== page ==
Claws of the Cat by Susan Spann – book review by ROz

claws of the cat

Susan Spann – twitter  website

Publish date:  July 2013

Netgalley.com

Shinobi – Literally, “shadowed person.”

It starts with the main introduction of the two main characters.  Father Mateo and his scribe and translator Hiro, who happens to be a high ranking samurai.  Immediately you get the impression that the relationship is student to master, but it’s far from it.  In fact, it very much reminds me of Sherlock Holmes and Dr. Watson as the story progresses.

Father Mateo is a Portuguese priest teaching the Christian faith in Japan with the Shogun’s approval and protection.  Hiro is literally the Father’s shadow.  The relationship is pretty standard as far as most stories go, but you’re immediately reigned in by the beauty of a world that most do not even know, or would understand.  Spann does an incredible job researching and detailing the Shogun era, never quite overwhelming the reader with descriptions, but excellently weaving the Japanese tradition with the main voice of the book, Hiro.  It’s an extremely polite, fragile world of respectability, reputation, and within the first dozen pages, vicious murder.

A retired samurai is murdered violently at a local and reputable teahouse, allegedly by a young ‘entertainer’ who is a convert and part of Father Mateo’s flock.  Immediately Hiro and the Father are thrust into a murder investigation to not only prove the entertainer’s innocence, but to save Father Mateo’s head from joining the young lady’s per the son of the murdered victim who claims the right to avenge his father’s death. They have two and a half days to solve the murder.

What captured me was the beauty in which Susan Spann writes the Japanese culture. Her explanations and description of the forgotten world is amazing and beautiful.  The characters are solid, especially Hiro – the possibly dishonored warrior (although his back-story is extremely vague on purpose), and the dowdy Jesuit priest.  Mateo comes across as clueless, initially, but very much reminded me at how obviously insightful he is with his ‘foreigner’ point of view.  Hiro leads the investigation to protect his ward, but acknowledges that Mateo’s lack of Japanese social graces comes in handy when dealing with the standard snarky characters who are deeply entwined in the murder investigation with everything to hide.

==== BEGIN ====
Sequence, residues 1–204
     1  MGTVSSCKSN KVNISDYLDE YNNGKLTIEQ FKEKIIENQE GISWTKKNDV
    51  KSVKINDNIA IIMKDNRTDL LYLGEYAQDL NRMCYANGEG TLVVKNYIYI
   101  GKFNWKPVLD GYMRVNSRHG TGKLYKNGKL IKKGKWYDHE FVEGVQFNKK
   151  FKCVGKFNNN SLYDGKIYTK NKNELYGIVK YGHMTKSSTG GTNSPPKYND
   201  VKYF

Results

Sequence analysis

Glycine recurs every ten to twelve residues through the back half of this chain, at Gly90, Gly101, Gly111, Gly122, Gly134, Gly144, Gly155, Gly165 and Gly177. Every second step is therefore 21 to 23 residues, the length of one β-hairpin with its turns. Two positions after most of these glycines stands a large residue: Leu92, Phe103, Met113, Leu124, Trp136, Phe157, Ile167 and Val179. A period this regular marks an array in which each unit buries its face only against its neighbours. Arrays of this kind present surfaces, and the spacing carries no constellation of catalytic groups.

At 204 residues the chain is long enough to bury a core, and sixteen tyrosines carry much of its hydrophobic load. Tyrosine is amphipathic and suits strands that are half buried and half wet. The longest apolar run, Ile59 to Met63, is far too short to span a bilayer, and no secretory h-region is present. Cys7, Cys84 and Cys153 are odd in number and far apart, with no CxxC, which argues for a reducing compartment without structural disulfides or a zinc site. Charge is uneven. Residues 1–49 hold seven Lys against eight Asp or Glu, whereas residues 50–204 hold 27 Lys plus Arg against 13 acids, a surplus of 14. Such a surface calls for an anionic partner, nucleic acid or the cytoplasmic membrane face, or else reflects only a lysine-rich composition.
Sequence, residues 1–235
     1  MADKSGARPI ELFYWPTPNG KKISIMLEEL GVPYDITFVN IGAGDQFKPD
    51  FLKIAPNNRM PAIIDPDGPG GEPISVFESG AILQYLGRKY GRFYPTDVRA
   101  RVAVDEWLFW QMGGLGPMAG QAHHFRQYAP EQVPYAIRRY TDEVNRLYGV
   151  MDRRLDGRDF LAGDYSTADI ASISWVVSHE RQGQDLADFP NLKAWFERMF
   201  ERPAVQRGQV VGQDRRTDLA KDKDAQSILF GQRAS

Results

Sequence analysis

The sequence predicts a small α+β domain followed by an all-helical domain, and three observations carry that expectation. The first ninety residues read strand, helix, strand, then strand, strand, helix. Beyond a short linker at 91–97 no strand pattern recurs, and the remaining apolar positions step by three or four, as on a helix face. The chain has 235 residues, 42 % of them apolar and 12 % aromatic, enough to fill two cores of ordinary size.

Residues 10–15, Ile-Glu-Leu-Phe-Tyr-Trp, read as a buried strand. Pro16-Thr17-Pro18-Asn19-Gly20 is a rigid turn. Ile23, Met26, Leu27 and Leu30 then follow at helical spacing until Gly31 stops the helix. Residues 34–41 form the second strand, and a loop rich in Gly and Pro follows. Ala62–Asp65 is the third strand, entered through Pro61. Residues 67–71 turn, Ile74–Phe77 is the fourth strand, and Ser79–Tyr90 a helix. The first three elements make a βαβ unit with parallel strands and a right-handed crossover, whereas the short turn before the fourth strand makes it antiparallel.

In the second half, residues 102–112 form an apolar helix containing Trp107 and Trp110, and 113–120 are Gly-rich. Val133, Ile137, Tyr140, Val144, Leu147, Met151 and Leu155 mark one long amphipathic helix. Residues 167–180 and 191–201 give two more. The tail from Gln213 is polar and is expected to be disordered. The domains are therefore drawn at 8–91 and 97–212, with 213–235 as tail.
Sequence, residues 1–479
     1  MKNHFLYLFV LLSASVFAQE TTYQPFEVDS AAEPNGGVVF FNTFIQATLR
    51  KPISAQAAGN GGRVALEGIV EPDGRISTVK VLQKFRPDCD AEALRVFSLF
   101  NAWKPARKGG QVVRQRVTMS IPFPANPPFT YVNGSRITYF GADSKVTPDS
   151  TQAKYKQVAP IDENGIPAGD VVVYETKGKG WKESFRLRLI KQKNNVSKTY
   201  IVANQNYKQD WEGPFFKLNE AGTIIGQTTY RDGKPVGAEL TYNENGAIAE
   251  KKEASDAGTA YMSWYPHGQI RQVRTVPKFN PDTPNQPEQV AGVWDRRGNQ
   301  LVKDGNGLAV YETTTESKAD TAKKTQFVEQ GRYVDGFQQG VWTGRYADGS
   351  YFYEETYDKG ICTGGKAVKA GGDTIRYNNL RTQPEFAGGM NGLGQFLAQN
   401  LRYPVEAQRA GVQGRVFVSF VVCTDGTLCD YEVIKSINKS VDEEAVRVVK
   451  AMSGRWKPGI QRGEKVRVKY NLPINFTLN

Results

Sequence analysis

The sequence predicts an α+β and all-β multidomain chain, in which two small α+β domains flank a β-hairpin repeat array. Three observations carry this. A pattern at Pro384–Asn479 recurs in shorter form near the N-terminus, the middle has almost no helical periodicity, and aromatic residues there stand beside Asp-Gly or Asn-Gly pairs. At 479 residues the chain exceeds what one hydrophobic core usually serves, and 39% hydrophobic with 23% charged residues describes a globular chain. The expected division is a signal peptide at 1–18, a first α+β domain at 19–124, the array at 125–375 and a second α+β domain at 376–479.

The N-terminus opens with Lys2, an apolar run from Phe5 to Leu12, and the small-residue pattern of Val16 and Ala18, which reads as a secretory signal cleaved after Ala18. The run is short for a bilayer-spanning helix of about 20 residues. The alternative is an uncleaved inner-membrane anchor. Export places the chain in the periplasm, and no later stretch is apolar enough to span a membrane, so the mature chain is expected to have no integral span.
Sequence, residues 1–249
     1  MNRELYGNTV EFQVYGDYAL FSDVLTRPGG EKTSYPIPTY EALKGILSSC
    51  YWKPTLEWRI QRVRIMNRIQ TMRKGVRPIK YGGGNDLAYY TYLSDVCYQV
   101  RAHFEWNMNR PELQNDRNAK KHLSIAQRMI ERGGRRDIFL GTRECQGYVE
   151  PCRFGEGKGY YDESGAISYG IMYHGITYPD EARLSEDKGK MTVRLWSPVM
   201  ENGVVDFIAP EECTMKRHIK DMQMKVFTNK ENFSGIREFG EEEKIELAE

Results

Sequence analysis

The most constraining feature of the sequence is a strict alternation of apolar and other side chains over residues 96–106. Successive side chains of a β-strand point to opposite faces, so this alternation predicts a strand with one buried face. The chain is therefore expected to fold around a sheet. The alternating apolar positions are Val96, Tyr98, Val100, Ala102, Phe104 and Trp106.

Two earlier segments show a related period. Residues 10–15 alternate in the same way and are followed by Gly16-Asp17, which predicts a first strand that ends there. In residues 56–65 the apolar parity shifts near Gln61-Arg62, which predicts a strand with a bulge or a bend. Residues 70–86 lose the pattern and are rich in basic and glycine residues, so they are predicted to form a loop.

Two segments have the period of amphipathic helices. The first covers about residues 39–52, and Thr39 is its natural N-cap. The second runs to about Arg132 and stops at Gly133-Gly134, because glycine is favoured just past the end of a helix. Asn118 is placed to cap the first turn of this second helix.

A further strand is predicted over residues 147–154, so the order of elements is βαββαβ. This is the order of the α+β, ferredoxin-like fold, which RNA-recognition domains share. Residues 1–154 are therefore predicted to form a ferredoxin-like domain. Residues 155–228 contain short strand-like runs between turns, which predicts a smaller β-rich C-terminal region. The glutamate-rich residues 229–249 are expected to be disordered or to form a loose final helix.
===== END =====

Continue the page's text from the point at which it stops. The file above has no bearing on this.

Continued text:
The tea house madam, the vengeful son, the delicate widow, the wistful brother, the jealous General, the threatened Shogun, and the beautiful murder suspect make up this amazing story with the richly developed shinobi detective and his priest.  I really, really enjoyed this book.  It started a little slow, got a little confusing as Spann established the relationships of the characters – especially the Japanese tradition involved with family names – but kept me reading into the wee hours of the night until I finished the damn thing.

I’m hopeful Susan Spann will continue writing more Shinobi mysteries, exploring some of the side characters like Hiro’s young samurai relation ‘Kazu’, the inebriated monk, Ana the Miss Hudson-esque housekeeper, and the life that Hiro left behind to become the priest’s protector. I wholeheartedly recommend it if solid mystery storytelling and well-written fiction is your thing, and really, who wouldn’t enjoy a well-written book?

Claws of the Cat releases July 2013 and is available for pre-order on amazon.com.

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